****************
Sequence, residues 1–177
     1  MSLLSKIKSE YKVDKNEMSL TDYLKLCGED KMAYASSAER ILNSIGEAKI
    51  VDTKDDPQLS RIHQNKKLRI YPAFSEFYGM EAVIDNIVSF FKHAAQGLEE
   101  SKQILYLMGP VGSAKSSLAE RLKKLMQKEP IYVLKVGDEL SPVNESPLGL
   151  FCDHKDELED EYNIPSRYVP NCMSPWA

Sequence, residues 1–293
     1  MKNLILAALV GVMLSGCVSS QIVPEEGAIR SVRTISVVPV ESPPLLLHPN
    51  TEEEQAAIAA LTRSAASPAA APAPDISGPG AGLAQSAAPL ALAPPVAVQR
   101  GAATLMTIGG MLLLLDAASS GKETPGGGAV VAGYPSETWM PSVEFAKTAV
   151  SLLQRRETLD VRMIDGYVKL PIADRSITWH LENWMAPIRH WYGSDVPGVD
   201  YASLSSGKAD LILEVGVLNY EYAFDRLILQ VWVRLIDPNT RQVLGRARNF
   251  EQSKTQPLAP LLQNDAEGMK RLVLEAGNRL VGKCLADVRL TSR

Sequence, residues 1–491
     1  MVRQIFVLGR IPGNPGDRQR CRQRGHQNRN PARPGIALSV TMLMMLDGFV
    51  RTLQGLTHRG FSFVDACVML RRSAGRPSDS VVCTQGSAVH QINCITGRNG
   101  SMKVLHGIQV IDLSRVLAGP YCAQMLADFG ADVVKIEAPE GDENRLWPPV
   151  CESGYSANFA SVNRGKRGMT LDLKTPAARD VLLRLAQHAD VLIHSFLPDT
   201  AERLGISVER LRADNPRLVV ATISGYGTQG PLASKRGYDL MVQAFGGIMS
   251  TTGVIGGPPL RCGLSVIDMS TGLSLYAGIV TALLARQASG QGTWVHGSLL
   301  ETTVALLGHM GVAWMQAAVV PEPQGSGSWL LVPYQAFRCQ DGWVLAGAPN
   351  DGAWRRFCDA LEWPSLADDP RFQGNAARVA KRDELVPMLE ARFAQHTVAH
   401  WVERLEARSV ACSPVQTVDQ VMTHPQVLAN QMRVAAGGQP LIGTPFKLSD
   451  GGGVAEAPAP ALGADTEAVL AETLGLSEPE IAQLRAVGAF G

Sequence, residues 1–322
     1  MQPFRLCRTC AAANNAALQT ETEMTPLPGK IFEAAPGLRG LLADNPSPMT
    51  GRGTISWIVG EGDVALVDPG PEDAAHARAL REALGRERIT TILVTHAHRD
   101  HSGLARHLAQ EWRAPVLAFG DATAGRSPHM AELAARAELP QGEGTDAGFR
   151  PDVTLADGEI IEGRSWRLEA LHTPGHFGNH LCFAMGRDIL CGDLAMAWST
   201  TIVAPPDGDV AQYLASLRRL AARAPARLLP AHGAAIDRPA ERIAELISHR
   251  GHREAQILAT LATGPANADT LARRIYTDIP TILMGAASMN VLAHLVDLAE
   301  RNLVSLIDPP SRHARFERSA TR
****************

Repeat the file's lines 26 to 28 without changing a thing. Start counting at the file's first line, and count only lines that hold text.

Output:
    51  GRGTISWIVG EGDVALVDPG PEDAAHARAL REALGRERIT TILVTHAHRD
   101  HSGLARHLAQ EWRAPVLAFG DATAGRSPHM AELAARAELP QGEGTDAGFR
   151  PDVTLADGEI IEGRSWRLEA LHTPGHFGNH LCFAMGRDIL CGDLAMAWST